Screening harvesters for diabetes and other illnesses is “fantastic,” Ponting said. “But just on its face one might question the motivation behind certain decisions made by that clinic with respect to work-related injuries.
“If I had my druthers, an employer would provide health insurance that would allow an employee to seek out physician care at a private doctor who has absolutely no relationship to the employer, just because there is a concern that there may be a certain amount of bias in the way that a physician approaches a case.”
For the last decade, Reiter — a grower of raspberries, strawberries, blueberries and blackberries — has spent from $1.8 million to $1.9 million on insurance purchased from Western Growers, Novotnaj said. He said the health insurance had been “decent,” but didn’t cover much beyond preventative care.
Novotnaj had managed health clinics before, so he asked, “Is it possible to do that here at Reiter?”
Reiter teamed up with a Charlotte, N.C., company called HealthStat Inc., which manages the clinics, and at a price of $2.2 million set up four on-site clinics in Oxnard, Santa Maria, Salinas and Watsonville.
It’s more money than Reiter was paying for straight insurance, but Reiter says it’s getting more.
“If we had the same plan and services that we offer today we would be spending about $2.5 million,” he said.
Adopting on-site clinic delivering health services is typically done by large companies. Business forecaster Kiplinger believes on-site clinics work best for firms with 1,500 or more employees, but notes through its Business Resource Center that companies with as few as 300 employees can find it cost effective.
Other big companies using on-site clinics include BlueCross BlueShield of Tennessee, Walt Disney Parks and Resorts, Florida Power & Light Co. and Pepsi Bottling Group.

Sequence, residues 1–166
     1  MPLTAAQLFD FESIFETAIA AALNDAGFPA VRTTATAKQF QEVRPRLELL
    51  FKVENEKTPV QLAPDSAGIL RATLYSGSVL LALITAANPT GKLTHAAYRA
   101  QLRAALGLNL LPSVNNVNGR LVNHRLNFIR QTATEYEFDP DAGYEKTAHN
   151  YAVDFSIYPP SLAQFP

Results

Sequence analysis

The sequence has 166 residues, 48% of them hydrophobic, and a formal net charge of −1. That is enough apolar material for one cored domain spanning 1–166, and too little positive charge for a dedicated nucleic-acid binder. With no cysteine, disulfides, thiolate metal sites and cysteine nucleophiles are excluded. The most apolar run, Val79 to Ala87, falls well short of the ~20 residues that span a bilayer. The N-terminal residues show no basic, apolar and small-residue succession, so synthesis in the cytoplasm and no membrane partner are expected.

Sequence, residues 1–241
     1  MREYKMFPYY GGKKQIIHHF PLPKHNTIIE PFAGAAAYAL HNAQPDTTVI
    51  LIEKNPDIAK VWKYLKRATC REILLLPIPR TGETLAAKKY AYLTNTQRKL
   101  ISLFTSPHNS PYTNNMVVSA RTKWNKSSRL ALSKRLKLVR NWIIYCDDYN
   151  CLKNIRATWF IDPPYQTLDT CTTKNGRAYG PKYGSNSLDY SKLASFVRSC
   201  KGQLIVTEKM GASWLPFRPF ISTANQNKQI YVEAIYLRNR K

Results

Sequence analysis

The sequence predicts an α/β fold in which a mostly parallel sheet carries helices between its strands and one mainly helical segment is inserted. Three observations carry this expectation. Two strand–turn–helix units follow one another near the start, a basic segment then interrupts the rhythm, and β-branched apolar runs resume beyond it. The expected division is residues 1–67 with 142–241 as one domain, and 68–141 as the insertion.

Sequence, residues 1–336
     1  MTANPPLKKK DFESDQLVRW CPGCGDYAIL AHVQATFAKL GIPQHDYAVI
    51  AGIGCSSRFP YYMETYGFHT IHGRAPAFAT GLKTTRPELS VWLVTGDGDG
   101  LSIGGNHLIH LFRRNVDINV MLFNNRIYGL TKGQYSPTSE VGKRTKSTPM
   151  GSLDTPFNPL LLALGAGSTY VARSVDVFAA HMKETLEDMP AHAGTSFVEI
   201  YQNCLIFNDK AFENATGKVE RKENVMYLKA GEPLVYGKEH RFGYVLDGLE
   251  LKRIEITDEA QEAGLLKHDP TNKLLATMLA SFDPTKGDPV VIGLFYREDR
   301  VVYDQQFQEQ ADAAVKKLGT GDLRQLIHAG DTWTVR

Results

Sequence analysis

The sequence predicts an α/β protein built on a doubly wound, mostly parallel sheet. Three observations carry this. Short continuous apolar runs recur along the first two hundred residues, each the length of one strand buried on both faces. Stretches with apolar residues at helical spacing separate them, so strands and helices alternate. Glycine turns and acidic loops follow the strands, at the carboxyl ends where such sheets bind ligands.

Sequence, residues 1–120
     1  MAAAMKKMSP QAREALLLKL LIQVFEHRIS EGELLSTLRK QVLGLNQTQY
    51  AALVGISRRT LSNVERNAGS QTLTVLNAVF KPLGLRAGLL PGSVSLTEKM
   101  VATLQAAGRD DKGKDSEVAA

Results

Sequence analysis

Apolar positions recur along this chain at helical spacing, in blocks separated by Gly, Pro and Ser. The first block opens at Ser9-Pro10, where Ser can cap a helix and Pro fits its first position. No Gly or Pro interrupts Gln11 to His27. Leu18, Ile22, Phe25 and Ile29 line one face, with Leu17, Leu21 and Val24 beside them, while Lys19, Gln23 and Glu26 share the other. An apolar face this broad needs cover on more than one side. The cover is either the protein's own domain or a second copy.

At Reiter, harvesters can enroll for $2 per week for an individual, $4 per week for an individual with a dependent and $6 a week for a family. There are no deductibles or co-pays.
“Everything’s free,” Novotnaj said.
Reiter’s Oxnard clinic is in a 1,400-square-foot leased space that’s equipped with a lobby, three examination rooms, two offices and a pharmacy. There’s one doctor on staff, two physician assistants, one nurse practitioner and two other physicians who work on a per diem basis filling in as needed.
Novotnaj emphasized that Reiter would not access employee health information, and stressed that privacy laws protect employees at the on-site clinics just as they do anywhere else.
“The employees of the clinics are HealthStat employees,” he said, “and we don’t get any information.”
He said, however, Reiter does have a “health advocate” within the company who will work with employees who authorize her to see their information. She is not permitted to share employee information with others in the company, he said.
HealthStat staffs about 300 clinics in 24 states, according to spokeswoman Susan C. Kinzler. Reiter is the first strictly agricultural company HealthStat has worked with.